MIT and Northeastern University researchers may have finally found a way to tip the battle between humans and termites against the Mastotermes genus.

The secret is sugar.

The Boston research team has been trying to find alternatives to the chemical pesticides people use to ward off pesky insects. While toxic chemicals are designed to slaughter a particular pest, they are also indiscriminate killers; they not only have harmful effects on humans in high concentrations, but they also harm nearby insects including beneficial critters like ants.

The sugar solution, however, singles out termites by wearing down their immune response. There are bacteria and fungi that like to feast on termites, but, just like humans injecting vaccines, termites expose themselves to small amounts of pathogens to increase their immunity. They do it by embedding a protein in their nest which exposes the termites to small amounts of pathogens, just like a flu shot.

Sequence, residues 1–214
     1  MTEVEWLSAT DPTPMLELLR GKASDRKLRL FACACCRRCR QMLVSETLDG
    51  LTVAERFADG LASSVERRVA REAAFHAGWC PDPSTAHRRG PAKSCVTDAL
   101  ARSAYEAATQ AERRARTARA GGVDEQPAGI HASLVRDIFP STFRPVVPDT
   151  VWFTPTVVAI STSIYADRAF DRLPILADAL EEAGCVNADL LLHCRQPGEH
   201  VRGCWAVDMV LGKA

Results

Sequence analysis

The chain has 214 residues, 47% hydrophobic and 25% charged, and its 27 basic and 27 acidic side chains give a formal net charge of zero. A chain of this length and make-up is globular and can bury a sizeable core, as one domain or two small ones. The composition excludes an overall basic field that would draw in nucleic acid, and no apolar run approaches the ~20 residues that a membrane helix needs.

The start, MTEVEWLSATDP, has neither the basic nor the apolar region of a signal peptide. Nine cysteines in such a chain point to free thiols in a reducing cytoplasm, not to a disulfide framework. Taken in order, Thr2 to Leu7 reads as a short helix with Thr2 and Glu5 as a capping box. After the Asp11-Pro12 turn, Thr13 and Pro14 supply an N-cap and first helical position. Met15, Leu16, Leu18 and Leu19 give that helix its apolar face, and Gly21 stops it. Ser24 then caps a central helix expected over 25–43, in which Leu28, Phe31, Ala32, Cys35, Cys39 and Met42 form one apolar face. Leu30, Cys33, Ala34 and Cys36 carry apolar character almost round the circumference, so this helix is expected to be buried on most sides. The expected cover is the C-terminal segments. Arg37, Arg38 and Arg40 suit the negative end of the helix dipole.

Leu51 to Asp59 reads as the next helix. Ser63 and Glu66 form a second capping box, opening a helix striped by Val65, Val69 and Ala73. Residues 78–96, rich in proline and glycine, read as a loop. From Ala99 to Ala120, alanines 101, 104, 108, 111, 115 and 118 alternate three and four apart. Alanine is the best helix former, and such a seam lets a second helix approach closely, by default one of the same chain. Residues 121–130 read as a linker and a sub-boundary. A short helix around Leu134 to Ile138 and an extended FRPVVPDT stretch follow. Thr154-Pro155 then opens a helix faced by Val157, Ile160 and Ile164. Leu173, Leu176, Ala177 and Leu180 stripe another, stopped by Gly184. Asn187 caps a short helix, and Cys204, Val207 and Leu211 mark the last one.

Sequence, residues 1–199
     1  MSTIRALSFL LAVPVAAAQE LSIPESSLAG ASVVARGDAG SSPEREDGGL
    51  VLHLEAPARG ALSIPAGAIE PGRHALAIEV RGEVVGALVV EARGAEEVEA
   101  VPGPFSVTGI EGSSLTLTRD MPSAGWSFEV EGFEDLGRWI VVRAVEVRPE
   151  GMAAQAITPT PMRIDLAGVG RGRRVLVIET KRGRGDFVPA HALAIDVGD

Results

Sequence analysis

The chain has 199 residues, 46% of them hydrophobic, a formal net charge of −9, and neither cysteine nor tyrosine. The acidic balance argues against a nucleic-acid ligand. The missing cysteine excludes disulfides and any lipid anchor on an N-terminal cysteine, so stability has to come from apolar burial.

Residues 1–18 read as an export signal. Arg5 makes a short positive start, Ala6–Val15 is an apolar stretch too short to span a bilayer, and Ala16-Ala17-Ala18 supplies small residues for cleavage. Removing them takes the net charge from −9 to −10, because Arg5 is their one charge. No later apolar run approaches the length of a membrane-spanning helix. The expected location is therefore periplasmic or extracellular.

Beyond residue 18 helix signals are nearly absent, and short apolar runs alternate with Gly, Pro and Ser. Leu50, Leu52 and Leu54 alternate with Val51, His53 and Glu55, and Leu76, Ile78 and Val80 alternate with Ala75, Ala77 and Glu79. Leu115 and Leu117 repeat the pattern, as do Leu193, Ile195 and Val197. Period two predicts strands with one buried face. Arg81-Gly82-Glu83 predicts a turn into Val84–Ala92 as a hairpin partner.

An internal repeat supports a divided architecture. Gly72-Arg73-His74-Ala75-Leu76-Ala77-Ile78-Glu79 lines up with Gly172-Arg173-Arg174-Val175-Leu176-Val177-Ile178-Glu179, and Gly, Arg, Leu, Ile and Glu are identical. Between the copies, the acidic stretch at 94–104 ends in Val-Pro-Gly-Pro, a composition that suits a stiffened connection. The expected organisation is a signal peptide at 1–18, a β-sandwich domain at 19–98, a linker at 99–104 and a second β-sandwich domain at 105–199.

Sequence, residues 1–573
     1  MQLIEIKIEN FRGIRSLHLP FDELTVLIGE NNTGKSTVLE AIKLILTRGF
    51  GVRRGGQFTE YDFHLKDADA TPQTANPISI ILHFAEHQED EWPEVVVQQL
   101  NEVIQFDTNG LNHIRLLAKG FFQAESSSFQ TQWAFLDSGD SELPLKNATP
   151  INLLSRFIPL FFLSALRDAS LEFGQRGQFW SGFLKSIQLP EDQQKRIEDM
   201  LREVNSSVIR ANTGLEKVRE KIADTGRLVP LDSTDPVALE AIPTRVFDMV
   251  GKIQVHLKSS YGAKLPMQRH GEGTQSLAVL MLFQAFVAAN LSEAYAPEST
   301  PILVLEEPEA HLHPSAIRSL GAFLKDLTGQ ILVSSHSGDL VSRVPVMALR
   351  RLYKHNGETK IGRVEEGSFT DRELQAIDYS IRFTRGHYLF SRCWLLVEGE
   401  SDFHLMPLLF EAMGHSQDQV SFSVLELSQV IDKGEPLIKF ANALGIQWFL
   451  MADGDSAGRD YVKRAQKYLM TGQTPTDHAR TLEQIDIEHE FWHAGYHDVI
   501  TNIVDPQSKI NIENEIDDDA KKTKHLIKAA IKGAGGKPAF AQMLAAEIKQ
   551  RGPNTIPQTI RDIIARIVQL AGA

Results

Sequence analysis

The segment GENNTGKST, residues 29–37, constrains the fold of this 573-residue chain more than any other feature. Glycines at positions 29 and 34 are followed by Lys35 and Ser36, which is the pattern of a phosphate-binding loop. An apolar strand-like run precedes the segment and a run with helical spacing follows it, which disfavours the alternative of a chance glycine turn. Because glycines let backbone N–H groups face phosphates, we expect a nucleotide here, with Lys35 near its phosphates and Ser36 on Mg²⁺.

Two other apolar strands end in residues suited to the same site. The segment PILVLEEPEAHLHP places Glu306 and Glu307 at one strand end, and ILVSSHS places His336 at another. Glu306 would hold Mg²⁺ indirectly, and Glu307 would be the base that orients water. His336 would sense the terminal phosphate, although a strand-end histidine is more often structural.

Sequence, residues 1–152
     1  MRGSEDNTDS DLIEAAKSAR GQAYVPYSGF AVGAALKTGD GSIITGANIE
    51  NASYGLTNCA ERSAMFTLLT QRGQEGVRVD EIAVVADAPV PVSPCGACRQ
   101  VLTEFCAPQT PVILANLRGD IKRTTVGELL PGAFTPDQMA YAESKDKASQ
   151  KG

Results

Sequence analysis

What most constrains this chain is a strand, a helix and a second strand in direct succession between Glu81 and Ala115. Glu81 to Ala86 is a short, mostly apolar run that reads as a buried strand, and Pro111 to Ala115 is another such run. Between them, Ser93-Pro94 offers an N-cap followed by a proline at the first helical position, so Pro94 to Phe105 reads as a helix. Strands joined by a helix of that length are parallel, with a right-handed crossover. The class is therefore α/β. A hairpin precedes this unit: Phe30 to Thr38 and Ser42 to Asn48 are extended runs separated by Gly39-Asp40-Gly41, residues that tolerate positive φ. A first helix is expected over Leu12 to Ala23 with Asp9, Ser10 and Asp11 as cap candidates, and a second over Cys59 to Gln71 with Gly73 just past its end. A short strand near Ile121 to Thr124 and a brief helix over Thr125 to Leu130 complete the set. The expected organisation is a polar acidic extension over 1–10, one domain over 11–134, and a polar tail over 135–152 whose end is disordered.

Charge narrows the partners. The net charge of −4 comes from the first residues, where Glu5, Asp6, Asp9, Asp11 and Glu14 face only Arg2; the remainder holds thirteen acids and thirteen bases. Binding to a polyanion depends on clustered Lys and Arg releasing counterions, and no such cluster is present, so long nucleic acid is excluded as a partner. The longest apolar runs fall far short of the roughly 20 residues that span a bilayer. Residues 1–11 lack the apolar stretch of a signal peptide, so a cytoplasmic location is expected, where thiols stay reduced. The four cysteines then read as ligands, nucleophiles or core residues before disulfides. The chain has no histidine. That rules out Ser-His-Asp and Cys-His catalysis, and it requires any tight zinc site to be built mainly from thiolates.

However, a derivative of ordinary glucose sugar called GDL is the protein's kryptonite; it allows bacteria or fungi to enter the termite nest with no advanced warning.

In the researcher's test, a nest exposed to GDL saw all its termites die of infection in half the time of an unexposed nest.

Significantly, GDL affects the immune responses only in the creatures humans find most probelmatic, like termites and cockroaches, and not in more beneficial ones like the ants. So if the sugar were deployed as a widespread pesticide, incorporated into building materials or sprayed on a field for example, it would target only the creatures we intend to kill.

Just about anything would be a better option than spraying toxic chemicals indiscriminately into the environment. But the researchers will have to test their approach more before it goes commercial. As promising as it sounds, nature has shown us again and again that unexpected consequences crop up all the time when humans try to manipulate the ecosystem.

If we're going to manipulate, however, a biodegradable substance like GDL seems like a far wiser method than poison.